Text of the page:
Today I want to talk about the Queen of Crime, Agatha Christie!
My sister and I are huge Agatha Christie fans. My sister owns practically all her books and while I was living with her, I couldn’t stop reading the books over and over again. At first, it was nice coming back to a book after reading several of the others and remembering what the plotline was all over again, rediscovering the mystery all over again.
Even after we’ve read all her books so many times, knowing exactly what happened still didn’t dampen our enjoyment of reading those stories. I think it’s mainly due to the way Agatha portrays her characters – some of them are annoying, some of them are lovable, but there’s always a diverse cast of people, all with something at stake or something to hide, and always up to something – and that’s what makes them, as in the words of Marigold from L.M. Montgomery’s Magic for Marigold, ‘so int’resting!’
And whether it’s old Miss Marple investigating village crime or the dashing ‘60s duo, Tommy and Tuppence, swinging it at nightclubs while running their detective agency, or Hercule Poirot assisting the wealthy and the political in solving their mysteries, whenever I read an Agatha Christie book, I feel this great sense of comfort as if I’ve just been tucked up in a comfy flannel blanket next to a roaring fire while the rain howls outside and someone (a butler?) is about to bring me a good old-fashioned English breakfast – a cup of tea with some fried ham and eggs on toast!
Here are four of my favourite Agatha Christie books: (although it was hard just picking four – I think I love most of them!)
- Here’s an easy pick – Murder on the Orient Express. Just the words ‘the Orient Express’ alone brings a sense of romanticism to the story. An assortment of different people riding on a train through Eastern Europe that comes to a standstill in a snowdrift – and a dead body discovered! Leaving those very same assortment of people asking among themselves – whodunit?
- The Pale Horse is another one of my favourites – mainly because of its spooky themes – village witches, occult rites and the inn with its picture of a pale horse and its ghostly rider. Here, I don’t think it’s so much the supernatural element hinted at in the book that’s scary but the way Christie writes it – the way her characters experience the spookiness as they investigate some mysterious and seemingly innocuous deaths which appear to be completely unconnected in any way – except in one – they are all connected in some way to the mysterious Pale Horse Inn.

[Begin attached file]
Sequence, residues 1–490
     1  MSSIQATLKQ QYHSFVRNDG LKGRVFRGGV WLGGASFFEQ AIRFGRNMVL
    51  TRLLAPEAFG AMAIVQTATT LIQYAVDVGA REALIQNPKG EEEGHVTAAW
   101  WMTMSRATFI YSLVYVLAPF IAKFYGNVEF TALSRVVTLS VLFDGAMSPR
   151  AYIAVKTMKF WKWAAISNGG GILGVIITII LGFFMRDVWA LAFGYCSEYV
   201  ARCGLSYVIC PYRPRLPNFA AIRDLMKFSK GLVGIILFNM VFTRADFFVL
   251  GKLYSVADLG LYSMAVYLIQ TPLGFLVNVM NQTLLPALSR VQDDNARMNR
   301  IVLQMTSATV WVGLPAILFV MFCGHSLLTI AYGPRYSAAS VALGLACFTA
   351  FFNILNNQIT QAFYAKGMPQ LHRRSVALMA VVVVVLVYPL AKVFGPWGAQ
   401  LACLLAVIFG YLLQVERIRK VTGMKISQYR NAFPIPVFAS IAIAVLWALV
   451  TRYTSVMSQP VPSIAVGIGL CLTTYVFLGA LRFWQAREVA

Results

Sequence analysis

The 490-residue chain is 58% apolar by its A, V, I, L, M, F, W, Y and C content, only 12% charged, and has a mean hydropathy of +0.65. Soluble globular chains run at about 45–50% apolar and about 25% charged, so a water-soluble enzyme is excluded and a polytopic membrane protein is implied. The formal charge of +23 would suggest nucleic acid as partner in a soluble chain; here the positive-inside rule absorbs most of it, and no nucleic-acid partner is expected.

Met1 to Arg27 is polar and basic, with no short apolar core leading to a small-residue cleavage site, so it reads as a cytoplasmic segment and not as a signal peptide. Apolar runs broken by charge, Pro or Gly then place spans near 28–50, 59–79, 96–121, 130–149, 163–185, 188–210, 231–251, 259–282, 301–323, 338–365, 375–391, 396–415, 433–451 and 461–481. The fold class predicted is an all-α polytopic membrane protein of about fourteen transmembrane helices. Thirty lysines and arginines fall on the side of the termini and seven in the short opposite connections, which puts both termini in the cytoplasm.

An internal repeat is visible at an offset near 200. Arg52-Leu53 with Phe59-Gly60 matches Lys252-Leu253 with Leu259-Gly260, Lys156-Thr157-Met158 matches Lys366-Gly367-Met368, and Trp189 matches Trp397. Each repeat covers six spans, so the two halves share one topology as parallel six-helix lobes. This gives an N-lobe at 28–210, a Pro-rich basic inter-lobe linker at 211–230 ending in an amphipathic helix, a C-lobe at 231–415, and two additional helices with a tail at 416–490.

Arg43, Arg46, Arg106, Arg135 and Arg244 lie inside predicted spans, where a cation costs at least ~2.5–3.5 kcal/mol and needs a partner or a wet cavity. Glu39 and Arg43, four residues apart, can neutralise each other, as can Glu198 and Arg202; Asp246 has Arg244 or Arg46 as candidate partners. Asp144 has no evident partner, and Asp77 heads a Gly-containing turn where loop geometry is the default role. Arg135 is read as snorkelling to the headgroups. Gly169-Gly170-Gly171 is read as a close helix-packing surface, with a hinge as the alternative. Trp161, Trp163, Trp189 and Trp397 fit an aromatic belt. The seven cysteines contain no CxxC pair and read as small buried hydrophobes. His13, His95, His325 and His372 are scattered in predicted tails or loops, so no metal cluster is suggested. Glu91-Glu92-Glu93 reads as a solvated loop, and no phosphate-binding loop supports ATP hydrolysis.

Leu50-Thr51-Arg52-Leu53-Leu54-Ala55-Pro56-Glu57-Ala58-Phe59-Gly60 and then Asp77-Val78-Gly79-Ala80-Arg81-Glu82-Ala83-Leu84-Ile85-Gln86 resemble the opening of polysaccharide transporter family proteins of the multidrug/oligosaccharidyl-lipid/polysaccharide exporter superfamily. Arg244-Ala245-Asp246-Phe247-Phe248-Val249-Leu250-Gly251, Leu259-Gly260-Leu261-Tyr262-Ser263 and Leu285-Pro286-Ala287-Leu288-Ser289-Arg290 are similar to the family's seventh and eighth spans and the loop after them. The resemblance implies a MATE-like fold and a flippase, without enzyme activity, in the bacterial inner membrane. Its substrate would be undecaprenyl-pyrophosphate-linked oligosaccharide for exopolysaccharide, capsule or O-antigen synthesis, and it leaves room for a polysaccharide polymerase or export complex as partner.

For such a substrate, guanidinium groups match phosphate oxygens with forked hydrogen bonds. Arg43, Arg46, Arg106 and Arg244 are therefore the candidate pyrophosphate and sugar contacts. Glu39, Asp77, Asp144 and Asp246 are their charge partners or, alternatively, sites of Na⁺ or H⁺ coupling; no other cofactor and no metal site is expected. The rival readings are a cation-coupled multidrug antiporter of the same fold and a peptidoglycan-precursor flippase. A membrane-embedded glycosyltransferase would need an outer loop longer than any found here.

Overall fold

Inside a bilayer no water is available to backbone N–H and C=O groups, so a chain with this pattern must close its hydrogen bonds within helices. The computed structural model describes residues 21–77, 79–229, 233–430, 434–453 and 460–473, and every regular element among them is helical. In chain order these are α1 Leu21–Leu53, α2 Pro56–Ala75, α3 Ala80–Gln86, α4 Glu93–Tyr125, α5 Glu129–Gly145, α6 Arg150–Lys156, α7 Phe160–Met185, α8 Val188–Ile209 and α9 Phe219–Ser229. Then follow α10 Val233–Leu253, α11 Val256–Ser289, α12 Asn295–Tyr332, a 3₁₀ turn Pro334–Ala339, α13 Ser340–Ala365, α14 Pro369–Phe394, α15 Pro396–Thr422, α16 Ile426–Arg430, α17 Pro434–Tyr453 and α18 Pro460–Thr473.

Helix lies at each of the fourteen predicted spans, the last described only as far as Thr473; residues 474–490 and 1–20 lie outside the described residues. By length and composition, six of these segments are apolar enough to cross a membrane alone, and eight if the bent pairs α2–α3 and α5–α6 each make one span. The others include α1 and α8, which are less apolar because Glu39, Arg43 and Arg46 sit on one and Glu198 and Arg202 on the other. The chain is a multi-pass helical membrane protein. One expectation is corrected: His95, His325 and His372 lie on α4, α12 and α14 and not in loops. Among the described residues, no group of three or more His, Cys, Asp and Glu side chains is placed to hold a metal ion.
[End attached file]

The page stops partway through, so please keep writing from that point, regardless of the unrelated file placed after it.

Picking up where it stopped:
- The Man in the Brown Suit combines hilarity with crime against the backdrop of London and South Africa. The protagonist, Anne, a young, penniless orphan with plenty of charm and chutzpah, sets sail to South Africa in pursuit of adventure, romance – and a dangerous killer known as the Man in the Brown Suit. Anne’s dry manner lends plenty of humour to the story but it’s really Sir Eustace Pedler’s hilarious diary entries that steal the show.
- Rounding out my top four is Crooked House. Charles Hayward is back from the war and ready to marry his fiancé, Sophia Leonides. But before he can do so, he must confront Sophia’s large and peculiar family, and find out which one of them killed Aristides, the cunning Greek millionaire who was Sophia’s grandfather and the highly influential patriarch of the family.
And if you’re like me and just can’t get enough Agatha Christie, then you’re in luck because the Agatha Christie official website and Facebook page are some of the most active fan communities on the web. There’s book covers, illustrations and pictures, writing competitions, anagrams and trivia questions and so much more!
So brew a nice cup of tea and pull up a chair, wrap a rug around you and lose yourself in some of the best whodunit mysteries in the world!